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Georgetown University’s Newspaper of Record since 1920

The Hoya

Georgetown University’s Newspaper of Record since 1920

The Hoya

Co-Founder of Black Lives Matter Discusses Movement’s Success, Optimism for Social Justice

Alicia Garza, the co-creator of #BlackLivesMatter (BLM) and Black Lives Matter Global Network, discussed the history and victories of the BLM movement as well as the need to continue making progress in amplifying Black voices and leadership while speaking to students on campus.

At the Nov. 1  event, Garza discussed the role of BLM historically and presently with Rosemary Ndubuizu, an assistant professor of African American studies at Georgetown. The Georgetown University Lecture Fund hosted the event, and the department of African American studies, Justice and Peace Studies Program and Culture & Politics Program sponsored it. 

Garza said the BLM movement represents the empowerment of Black voices and leadership.

“When I think about my parents, I know my mother never thought that she would see a Black president in her lifetime,” Garza said at the event. “My mother never thought that we would be having an international dialogue about state violence, police violence and police brutality. Even saying ‘Black’ was not something that was done.”

“It’s easy for us to get nihilistic,” Garza said. “The reality is that BLM, the movement, is one of the most consequential social movements of our time.”

Garza said she thinks the BLM movement helped elevate discussions of race to national levels, shedding light on the systemic racism Black people and other people of color experience. 

Garza said she sees the movement as a way to enable people to enact social change where they are, referencing a direct message she received from a professor in Indiana who wanted to create a BLM curriculum. 

Elizabeth Foster (CAS ’27) said she attended the discussion to learn more about BLM’s role in social movements and the strategies employed for enacting social change, such as the goal to gauge politicians’ thoughts about BLM. 

“The way Garza talked about the strategizing and the movement being less directly politically focused made it unique and more successful in certain ways,” Foster told The Hoya.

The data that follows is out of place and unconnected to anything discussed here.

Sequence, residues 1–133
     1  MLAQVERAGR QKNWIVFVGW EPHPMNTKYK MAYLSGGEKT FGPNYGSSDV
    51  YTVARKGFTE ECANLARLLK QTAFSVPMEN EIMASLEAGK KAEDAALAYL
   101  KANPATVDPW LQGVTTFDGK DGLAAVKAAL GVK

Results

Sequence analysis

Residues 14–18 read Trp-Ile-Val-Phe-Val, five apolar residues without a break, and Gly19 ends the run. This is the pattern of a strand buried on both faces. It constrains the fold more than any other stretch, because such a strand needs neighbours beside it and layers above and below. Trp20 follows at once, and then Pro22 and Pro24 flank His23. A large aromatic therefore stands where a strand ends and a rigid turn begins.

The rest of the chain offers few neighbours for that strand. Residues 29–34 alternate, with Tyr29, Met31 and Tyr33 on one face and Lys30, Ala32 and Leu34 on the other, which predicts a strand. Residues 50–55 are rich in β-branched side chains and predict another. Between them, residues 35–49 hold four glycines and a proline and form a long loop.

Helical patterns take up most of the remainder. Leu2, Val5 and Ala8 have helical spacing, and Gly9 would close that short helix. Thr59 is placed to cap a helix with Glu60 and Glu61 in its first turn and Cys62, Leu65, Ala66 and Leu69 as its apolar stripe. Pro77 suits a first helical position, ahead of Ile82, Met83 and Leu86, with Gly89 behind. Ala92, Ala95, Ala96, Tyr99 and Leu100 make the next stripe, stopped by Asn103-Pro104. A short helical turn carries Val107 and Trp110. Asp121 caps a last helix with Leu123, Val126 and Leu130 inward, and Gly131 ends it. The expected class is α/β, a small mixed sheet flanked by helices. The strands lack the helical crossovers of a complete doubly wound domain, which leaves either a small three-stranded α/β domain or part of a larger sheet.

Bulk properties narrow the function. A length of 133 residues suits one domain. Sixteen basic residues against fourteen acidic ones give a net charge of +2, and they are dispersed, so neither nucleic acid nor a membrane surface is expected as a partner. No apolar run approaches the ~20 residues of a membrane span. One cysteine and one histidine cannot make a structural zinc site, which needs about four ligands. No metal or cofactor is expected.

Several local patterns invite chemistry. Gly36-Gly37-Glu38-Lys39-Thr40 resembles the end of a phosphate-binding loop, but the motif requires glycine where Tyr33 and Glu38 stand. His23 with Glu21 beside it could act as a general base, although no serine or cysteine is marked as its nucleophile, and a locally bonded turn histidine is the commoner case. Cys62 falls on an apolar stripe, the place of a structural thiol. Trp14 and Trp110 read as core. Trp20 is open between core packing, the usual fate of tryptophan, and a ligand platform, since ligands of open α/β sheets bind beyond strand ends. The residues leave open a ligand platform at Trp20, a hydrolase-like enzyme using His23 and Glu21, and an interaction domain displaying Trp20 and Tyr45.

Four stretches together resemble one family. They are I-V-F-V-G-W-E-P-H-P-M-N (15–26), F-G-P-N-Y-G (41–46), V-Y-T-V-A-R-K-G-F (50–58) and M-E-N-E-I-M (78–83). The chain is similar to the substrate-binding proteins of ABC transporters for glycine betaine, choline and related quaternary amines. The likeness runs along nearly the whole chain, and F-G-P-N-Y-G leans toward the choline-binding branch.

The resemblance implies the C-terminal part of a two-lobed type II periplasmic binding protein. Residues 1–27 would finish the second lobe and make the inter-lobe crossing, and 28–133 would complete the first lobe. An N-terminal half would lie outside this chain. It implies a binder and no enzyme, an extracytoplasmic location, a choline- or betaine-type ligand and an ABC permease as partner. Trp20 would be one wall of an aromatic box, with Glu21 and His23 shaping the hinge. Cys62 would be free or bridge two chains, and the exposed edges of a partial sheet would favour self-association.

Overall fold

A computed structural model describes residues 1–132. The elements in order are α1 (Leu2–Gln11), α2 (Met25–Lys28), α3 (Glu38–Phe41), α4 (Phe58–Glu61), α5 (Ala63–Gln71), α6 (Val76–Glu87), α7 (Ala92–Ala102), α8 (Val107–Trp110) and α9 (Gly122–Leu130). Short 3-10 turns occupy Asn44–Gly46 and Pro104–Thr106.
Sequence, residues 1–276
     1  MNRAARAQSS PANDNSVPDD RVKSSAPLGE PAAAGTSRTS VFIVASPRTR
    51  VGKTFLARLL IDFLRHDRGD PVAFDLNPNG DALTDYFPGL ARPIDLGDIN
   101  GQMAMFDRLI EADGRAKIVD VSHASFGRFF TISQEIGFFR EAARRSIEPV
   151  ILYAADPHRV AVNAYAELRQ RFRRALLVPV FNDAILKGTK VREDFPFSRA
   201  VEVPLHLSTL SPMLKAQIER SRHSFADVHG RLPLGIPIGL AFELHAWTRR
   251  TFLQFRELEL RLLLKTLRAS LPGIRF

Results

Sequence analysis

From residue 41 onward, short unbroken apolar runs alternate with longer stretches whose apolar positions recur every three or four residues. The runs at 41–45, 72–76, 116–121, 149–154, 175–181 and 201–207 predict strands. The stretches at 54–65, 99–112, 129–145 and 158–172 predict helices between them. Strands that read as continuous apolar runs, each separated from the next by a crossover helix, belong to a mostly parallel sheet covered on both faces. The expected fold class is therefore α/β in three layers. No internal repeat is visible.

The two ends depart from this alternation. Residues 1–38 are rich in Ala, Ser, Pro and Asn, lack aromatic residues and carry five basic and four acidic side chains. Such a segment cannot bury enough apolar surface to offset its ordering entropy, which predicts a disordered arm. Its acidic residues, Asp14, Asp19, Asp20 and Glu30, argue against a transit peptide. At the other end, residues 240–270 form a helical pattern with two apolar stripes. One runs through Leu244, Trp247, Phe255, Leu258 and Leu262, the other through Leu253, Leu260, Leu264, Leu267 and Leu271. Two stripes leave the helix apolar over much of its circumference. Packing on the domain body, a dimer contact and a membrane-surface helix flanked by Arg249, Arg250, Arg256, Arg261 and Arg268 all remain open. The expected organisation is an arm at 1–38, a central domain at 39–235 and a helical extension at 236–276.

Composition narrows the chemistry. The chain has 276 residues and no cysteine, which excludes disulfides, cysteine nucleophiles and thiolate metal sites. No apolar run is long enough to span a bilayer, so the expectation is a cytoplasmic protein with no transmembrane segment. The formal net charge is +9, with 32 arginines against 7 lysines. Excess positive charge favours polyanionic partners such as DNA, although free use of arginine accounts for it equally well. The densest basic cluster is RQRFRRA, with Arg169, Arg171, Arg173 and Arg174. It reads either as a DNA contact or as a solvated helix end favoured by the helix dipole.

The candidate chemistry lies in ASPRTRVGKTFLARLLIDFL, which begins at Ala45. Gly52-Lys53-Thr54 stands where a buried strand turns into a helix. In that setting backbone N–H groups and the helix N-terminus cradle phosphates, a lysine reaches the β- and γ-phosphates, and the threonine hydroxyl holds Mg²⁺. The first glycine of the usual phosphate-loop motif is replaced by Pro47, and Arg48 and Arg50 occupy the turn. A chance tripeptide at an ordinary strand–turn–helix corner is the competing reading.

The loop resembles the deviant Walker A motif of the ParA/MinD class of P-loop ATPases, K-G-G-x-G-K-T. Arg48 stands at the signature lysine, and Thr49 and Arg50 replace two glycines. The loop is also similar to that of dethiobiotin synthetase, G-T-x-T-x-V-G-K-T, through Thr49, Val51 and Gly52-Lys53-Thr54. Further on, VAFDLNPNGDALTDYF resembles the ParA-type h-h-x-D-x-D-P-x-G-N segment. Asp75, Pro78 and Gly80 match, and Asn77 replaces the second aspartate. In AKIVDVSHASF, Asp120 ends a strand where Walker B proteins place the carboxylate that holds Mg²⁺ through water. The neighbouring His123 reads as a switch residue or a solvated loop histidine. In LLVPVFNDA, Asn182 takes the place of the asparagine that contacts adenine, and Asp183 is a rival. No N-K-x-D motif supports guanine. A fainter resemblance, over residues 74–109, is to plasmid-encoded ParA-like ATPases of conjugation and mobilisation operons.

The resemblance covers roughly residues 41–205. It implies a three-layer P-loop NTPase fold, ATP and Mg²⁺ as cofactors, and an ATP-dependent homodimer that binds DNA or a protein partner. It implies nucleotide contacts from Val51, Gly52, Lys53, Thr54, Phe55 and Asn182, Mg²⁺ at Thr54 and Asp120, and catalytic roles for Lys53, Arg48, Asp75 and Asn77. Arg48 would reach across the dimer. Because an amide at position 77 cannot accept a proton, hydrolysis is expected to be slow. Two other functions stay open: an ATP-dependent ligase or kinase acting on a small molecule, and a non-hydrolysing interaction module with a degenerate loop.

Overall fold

Garza said equitable voting access and voting rights are among the top issues the BLM movement seeks to promote. 

“They want us to not participate,” Garza said, referring to conservative elected officials. “They’re making voting harder and harder and harder. That ideology wants to have state power: to run the courts, to run Congress, to run the White House. It’s close, but we can stop that through voting.”

Alicia Garza, the co-creator of #BlackLives Matter (BLM) and Black Lives Matter Global Network, visited Georgetown to discuss the BLM movement on Nov. 1. | Nowadays

According to Garza, political attempts to limit Black voices in voting access include strict voter ID laws and changes in the ability to vote, referencing the inability to give water or food to voters as they wait in line. Garza also discussed racial gerrymandering as politicians’ attempts to limit voices in communities that may not support that politician’s goals. 

Garza said she entered social justice work because she wanted to correct the issues marginalized communities face. 

“I came into organizing movements and social change work because I was mad and wanted something to be different because I was also hopeful,” Garza said. “My goal is to shift our conditions for the better.”

Kumail Zaidi (SFS ’24), the Lecture Fund’s vice chair of diversity, equity and inclusion and the primary organizer of the event, said Garza’s message was crucial in a turbulent world.

“She had, I think, a very important message about what hope means in politics, why hope is something that is important to maintain and how exactly, in a world where we’re bombarded by a lot of different threats, things that demand our attention at every moment, what it is like to organize a global movement,” Zaidi told The Hoya. “People there seemed to be very touched by her and what she had to say.”

Creating and working with movements about social change requires staying optimistic while taking action, according to Garza. 

“Movements should be joyful,” Garza said. “With that being said, it doesn’t mean that everything is supposed to feel good all of the time. There’s a difference between acknowledging that we have joy in our lives at the same time that there are really ugly things happening that are despicable.” 

“This work is hard, and that’s why we need joy,” Garza added.

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